The Big Interview: Joanna Moorhead On Leonora Carrington

Friday – Exhibition Opening: Leonora Carrington 10-5pm @ Tate Liverpool – £8 (include entry to Wilkes)

Who better to talk about Surrealist painter Leonora Carrington than her cousin, the Guardian’s Joanna Moorhead? Here, Deborah Laing asks the writer about Carrington’s rich and turbulent life, her relationships, and her legacy…

Leonora Carrington, surrealist artist and writer, grew up in a gothic mansion, ran off with Max Ernst and took an epic journey away from a pre-destined debutante existence. With pure determination, she made her way through Europe between World Wars. Young women of her class were often sent to finishing schools in Europe; in Italy, Carrington visited Florence where her love of art developed. But it was in the UK that she fell in love for the first time.

I spoke to Carrington’s cousin, Guardian writer and co-author of Surreal Friends, Joanna Moorhead, about all of these things in addition to her opinions on the artist’s politics and legacy…

The Double Negative: In your article Leonora and Me (the Guardian, January 2007), you describe Leonora Carrington’s time in the UK growing up and indicate that Europe was a turning point in her life. Would you agree?

Joanna Moorhead: At that period in time, wealthy families were educated at home. She had brothers who had already left for boarding school. Leonora until the age of 11 had a governess; she was sent to two boarding schools and was expelled from both. At 15, she went accompanied travelling, to Florence then Paris. This was a big moment in her life: her family was able to support her travels even through the 1930’s economic depression. Young ladies were expected to travel as part of their debutante training. It turned out that the training taught her to become her own woman.

“In her early teenage years, there was a sense of growing dissatisfaction… She always knew she was going to get away”

How did the experience of being allowed to travel and pursue her love of art change her?

In her early teenage years, there was a sense of growing dissatisfaction because of the life that was ahead of her; the ‘toff’ or upper-class life didn’t appeal to her. She always knew she was going to get away; everything that happened during and directly after her breakdown suggested she needed to get out, to escape it.

So, in your view, did her class restrict or free her from her status?

Yes and no: yes because she found it a restrictive life, living in a narrow community, not just narrow because of class and expectation though; Leonora was not an aristocrat so was able to form a critical opinion of privilege. My Great Aunt Maurie [Leonora's mother] was adopted and her husband was originally a stationmaster. It was only later, through textiles, that the family made money. They were the ‘nouveau riche’ trying to be what a rich family should be.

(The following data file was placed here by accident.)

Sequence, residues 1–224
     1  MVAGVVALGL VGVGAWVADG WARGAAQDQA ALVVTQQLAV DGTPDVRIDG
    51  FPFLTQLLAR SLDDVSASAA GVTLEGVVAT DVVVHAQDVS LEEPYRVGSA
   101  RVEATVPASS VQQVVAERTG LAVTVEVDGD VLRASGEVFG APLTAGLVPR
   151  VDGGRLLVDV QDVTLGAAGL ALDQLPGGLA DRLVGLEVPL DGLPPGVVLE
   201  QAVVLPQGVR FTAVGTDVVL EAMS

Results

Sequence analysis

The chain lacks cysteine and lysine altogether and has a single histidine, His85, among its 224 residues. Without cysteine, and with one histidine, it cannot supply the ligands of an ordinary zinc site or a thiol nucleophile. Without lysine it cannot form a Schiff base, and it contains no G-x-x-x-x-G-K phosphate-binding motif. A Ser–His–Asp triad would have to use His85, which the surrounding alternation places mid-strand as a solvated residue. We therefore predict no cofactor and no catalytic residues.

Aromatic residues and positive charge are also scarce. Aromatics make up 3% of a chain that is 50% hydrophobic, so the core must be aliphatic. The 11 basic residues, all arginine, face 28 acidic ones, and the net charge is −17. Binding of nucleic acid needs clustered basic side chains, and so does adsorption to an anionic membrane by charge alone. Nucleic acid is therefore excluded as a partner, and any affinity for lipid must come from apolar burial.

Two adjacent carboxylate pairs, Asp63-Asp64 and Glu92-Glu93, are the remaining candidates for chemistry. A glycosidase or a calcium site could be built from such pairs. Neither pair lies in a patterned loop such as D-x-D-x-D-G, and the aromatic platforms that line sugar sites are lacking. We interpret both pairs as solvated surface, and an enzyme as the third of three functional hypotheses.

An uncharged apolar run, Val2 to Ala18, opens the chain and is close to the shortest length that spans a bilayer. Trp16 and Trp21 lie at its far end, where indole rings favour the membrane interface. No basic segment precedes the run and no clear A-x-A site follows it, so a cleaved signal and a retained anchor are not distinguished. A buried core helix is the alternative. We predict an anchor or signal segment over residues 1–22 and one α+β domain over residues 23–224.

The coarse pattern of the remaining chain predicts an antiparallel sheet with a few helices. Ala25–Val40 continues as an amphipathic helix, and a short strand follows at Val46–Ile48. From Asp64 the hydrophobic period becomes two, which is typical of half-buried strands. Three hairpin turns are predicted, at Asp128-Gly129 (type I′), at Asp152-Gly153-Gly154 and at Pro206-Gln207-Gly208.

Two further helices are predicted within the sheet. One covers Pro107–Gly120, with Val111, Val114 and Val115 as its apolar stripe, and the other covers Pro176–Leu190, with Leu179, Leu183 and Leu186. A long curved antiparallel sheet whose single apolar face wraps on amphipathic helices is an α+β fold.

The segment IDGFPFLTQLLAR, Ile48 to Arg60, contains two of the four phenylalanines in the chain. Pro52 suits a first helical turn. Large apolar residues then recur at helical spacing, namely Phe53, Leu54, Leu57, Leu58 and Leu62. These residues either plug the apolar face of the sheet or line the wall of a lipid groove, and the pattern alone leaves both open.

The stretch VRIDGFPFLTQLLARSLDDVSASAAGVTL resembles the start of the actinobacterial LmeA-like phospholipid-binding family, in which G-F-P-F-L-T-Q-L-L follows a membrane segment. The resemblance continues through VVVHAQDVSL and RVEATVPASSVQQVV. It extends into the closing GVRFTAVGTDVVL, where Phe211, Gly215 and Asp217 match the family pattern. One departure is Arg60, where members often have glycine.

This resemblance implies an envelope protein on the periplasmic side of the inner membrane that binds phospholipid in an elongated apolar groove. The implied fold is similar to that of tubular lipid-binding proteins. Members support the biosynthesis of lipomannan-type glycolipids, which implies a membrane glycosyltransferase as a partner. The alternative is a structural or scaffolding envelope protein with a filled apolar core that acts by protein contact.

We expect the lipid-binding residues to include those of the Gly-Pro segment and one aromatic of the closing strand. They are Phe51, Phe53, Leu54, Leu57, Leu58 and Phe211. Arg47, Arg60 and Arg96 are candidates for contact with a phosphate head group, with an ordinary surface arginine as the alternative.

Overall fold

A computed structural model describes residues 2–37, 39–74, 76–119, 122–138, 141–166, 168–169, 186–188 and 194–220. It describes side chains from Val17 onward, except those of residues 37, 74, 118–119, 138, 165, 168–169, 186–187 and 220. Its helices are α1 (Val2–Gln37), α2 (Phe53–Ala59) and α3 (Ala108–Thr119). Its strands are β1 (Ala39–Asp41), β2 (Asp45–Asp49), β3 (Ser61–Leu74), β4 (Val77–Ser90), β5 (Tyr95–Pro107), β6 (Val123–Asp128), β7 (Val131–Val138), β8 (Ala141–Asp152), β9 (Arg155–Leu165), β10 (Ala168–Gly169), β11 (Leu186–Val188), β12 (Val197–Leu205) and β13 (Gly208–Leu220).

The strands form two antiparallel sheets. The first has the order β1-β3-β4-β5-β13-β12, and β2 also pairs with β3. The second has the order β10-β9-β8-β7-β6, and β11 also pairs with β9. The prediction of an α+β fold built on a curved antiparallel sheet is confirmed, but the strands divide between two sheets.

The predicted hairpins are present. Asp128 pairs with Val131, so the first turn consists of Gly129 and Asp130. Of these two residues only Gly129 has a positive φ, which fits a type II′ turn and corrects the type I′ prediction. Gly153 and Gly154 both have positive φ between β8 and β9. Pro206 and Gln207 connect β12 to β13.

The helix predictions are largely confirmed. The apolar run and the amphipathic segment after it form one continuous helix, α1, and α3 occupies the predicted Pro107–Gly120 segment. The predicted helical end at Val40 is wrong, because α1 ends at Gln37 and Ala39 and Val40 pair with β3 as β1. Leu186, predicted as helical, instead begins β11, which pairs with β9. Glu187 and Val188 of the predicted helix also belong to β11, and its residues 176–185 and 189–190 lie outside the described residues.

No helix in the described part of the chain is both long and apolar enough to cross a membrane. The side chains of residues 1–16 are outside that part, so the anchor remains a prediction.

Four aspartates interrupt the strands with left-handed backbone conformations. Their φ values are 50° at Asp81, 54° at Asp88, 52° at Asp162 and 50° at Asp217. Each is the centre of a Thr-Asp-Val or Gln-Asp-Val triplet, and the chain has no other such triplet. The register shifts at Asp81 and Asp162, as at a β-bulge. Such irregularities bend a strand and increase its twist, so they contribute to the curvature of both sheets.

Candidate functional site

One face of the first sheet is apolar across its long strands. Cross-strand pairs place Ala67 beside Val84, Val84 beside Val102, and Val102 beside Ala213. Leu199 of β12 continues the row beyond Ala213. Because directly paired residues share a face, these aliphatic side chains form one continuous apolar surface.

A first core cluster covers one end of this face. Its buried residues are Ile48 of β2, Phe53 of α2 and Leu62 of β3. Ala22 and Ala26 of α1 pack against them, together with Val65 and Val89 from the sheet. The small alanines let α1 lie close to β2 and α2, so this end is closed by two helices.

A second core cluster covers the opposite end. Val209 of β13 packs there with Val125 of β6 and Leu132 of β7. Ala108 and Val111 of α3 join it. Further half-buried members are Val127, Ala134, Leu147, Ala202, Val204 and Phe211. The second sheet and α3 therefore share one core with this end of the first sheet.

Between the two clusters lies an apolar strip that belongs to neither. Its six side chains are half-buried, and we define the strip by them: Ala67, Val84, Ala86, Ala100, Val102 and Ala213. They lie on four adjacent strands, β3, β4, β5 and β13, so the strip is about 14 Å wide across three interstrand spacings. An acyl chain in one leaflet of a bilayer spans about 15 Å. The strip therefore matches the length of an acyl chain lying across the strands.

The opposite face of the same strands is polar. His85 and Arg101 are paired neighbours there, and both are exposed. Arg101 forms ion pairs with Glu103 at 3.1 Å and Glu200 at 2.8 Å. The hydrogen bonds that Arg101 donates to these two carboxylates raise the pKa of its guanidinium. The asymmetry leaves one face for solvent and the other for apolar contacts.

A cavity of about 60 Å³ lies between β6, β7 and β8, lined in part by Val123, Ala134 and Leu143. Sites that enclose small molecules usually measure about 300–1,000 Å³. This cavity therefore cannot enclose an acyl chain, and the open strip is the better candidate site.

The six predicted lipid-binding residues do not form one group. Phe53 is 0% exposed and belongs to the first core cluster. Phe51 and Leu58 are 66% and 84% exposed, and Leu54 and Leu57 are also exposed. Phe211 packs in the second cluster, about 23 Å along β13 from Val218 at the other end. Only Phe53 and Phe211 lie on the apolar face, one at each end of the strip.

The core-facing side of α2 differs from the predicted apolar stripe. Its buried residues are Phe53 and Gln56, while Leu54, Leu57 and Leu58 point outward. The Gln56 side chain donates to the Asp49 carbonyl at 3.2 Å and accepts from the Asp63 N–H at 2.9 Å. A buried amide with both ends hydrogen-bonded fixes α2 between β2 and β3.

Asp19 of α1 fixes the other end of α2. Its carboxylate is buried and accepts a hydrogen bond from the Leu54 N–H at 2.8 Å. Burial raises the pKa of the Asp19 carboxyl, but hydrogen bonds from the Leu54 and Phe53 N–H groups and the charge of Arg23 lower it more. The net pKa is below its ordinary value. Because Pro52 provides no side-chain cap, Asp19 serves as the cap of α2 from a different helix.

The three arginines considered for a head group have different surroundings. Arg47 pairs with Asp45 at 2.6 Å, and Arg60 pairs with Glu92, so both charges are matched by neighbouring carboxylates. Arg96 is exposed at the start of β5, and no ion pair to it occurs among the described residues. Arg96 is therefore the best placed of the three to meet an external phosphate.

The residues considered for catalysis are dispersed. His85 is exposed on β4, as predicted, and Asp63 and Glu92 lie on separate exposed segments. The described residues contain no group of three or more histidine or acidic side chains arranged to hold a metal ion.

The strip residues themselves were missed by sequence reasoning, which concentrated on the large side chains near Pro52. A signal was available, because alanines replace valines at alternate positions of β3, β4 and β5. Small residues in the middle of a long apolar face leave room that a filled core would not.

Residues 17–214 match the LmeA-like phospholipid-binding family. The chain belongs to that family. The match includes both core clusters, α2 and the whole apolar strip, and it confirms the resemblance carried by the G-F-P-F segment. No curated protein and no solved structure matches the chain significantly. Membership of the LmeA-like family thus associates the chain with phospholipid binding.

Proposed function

Leonora Carrington, The Inn Of the Dawn Horse, painted in 1942;

You mention Crookhey Hall in Lancashire where she grew up, a grand mansion in a small country village. When you eventually met Leonora for the first time a few years ago in Mexico City, did she talk about the past?

By the time I met Leonora she was an old lady, it left a big mark on her imagination, her memory of it was fading. Understandably, she talked more about her present; it’s through her paintings — particularly her early ones — that the past is captured. I’ve been to Crookhey Hall and seen it for myself. It is dark and huge, foreboding, a heavy house, for myself it’s rather overbearing with a very gothic feeling. At 13, she moved to a house in Silverdale called Hazelnut Hall, a very different house: airy, bright and open, with a view over the sea.

Which of the paintings in her vast body of work depicts Crookhey and the Hazlewood Mansions?

There are a lot of snatches or views of Crookhey in Night Nursery, and Hazelwood in Green Tea. The landscape of Green Tea is very much the landscape of Hazelwood — clipped hedges and preened trees. A self-portrait depicting her in a domestic interior is The Inn Of the Dawn Horse, painted in 1942; I travelled to New York to see that painting but it was also shown in the UK in 2009 in the Angels of Anarchy exhibition in Manchester. That is a really an important painting — it’s who she is. It is accessible to the public because a lot of her painting is very complicated with overlays of aspects of her life.

“Her paintings are also very truthful, often revealing her inner thoughts on alchemy, mythology, and mystical creatures from her Celtic heritage”

Once she became a painter in the mid-1930s, she was also in close contact with the surrealist art collector Edward James. How much did patronage play a part in her success?